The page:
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August 14, 2013

A fun piece of nineteenth-century realia: before electricity was widespread, there were mechanical ventilators in Russian windows and Russian stoves to help air circulate. See the many literary examples given by seminarist, and be sure to read the comments, where a page of illustrations of such devices from an old encyclopedia is reproduced. His earliest example is from Leskov’s “Kotin the He-Cow and Platonida” (Котин доилец и Платонида), dated 1890 when it was included in a set of Leskov’s collected works, but the ventilator, then spelled вентилаторъ with an “а,” is already there in 1867, when “Kotin the He-Cow” was still part of another work, Waiting for the Movement of the Water (Чающие движения воды), much of which later turned into Cathedral Folk (Соборяне).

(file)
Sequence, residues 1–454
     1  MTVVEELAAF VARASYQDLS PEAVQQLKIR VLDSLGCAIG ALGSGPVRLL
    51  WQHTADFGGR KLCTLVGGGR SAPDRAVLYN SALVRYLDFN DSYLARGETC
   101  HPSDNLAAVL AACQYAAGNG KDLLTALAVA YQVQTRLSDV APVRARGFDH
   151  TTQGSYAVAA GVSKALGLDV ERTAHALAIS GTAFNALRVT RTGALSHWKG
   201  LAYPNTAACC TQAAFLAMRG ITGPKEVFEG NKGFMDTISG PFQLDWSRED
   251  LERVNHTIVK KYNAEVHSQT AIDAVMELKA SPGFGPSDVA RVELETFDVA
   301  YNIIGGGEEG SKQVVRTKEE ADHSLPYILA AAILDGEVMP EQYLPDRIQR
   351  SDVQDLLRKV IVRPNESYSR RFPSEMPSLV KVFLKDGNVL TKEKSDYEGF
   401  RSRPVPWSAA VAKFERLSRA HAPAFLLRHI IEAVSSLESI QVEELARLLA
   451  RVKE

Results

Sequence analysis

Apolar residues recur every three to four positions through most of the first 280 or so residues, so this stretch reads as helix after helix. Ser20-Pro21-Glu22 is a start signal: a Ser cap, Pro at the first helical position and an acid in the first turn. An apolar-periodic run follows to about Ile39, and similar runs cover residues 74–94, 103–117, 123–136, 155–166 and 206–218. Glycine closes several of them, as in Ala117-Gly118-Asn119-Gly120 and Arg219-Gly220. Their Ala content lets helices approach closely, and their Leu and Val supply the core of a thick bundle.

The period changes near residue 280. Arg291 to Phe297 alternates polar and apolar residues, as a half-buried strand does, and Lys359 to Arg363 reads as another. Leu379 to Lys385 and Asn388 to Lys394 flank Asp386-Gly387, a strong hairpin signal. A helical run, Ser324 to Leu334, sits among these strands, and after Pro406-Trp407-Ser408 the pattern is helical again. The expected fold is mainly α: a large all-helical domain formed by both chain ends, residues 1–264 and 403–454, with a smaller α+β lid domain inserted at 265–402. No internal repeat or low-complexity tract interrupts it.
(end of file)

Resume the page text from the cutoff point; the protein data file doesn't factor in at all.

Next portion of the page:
2 Comments leave one →
  1. August 14, 2013 9:50 am

    And if you search the Национальный корпус for вентилатор, you go back a little further, to 1849-1852.

    • August 15, 2013 10:07 am

      Interesting! The two pre-Leskov examples make Leskov’s use of the word seem more cutting-edge than I’d imagined, since before him all that comes up is a technical work and a travel account with a parenthetical explanation after вентилатор.

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